Pomodoro Technique: Productivity's Secret Sauce

Continuing Productivity Week here at the blog, I wanted to talk today about a technique that really helps me focus on specific tasks and achieve dramatically increased productivity. It's called the Pomodoro Technique. Tomato sauce

The technique is very simple to implement, but contains tremendous power for creating focus within your day, in bite-sized blocks of time. Best of all, it has almost no barriers to entry, and you can start it today with equipment and tools you already have.

Science is disclosing that multitasking is a myth. We all stink at it. Men and women alike. Worse yet, it's something that we don't learn to get better at, we actually get progressively worse at it over time! So the more we try to multitask, working on code while tweeting and watching Law & Order: South Beach and talking with our spouse on the phone, the less effective we are at any of it!

The Pomodoro Technique was invented by Francesco Cirillo, using nothing but a pencil, paper, and a tomato-shaped kitchen timer. In Italian, pomodoro means tomato. By forcing himself to focus intensely for brief periods during his student years, he discovered that he could accomplish amazing amounts of work, not by multi-tasking, but by serially single-tasking. Thankfully, he shared this with the world.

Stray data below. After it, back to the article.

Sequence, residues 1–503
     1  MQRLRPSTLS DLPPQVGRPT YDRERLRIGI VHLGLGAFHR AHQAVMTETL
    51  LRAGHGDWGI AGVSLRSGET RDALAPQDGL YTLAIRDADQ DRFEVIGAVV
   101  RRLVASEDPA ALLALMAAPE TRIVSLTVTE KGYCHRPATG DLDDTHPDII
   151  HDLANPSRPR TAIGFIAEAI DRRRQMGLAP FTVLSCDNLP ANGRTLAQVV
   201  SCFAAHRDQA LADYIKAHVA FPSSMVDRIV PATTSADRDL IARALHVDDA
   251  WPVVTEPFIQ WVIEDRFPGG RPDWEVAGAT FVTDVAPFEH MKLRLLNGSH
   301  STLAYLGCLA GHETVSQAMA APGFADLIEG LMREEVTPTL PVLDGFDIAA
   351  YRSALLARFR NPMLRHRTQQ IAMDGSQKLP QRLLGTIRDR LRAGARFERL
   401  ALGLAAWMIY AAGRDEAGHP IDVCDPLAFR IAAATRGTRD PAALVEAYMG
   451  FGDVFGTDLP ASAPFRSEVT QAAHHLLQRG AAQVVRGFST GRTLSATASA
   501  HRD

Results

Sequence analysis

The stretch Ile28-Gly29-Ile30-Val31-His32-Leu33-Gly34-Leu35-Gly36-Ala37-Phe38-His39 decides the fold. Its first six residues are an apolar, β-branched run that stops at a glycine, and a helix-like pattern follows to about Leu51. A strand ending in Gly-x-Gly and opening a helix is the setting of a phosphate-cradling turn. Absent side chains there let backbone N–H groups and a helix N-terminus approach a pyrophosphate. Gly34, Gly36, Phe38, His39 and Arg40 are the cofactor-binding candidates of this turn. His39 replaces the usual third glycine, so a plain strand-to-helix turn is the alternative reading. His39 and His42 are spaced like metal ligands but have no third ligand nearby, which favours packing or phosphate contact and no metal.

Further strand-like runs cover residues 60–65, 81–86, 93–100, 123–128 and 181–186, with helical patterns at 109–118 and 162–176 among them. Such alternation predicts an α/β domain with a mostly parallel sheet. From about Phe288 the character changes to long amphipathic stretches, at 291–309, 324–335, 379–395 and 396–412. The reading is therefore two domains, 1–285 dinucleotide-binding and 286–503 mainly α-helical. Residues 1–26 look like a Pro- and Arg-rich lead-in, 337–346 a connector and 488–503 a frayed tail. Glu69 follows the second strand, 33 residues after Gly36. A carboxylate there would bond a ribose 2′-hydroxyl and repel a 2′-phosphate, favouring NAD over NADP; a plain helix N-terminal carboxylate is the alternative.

Here's the prescription:

  1. Pick the task you're going to work on during this Pomodoro.
  2. Set the timer for 25 minutes.
  3. Work on the selected task until the timer rings. Work on nothing else. Don't answer the phone, don't check your email. Don't look out the window, don't let your mind wander. Maintain your focus as completely as you can. Like any skill, this takes practice. You'll get better at this with time, so don't beat yourself up if it's hard at first.
  4. When the timer rings, check off the task from your list and take a short break. Set the timer for 5 minutes. Stretch, walk around, get some coffee, have a brief chat with someone. Just don't start anything that can't be finished in 5 minutes.
  5. After 4 Pomodoros, take a longer break (15-30 minutes).

The Pomodoro book, also available as a PDF download, goes into great depth about planning and estimation, but I tend to use the technique on a more ad-hoc basis, picking the tasks that are most pressing at any given moment and using Pomodoros to focus my efforts. For my daily workflow, this works. For others, planning and estimation might be a better solution.

Tools

You can begin with nothing but a piece of paper, a pencil, and some sort of timer (a wind-up kitchen timer is ideal, but any countdown timer would work) that can easily be set to 5 minutes or 25 minutes.

To avoid distractions, consider adding headphones, or closing your office door (if possible). Changing your physical location can work wonders. Turn your phone off. Use a social media blocker like Anti-Social on your computer.

If you're a nerd like me, that's never quite enough. Excellent tools exist for us as well. Chromodoro is a Google Chrome plugin which delivers Pomodoro timer functionality into the browser. On the iPhone, I use Pomodoro Pro, though several other apps exist as well.

Finally, let me leave you with this video, which I hope you find as inspiring and entertaining as I did.

How could you apply the Pomodoro Technique to your life or work today?

Photo CC by Rolando Junior Lattanzi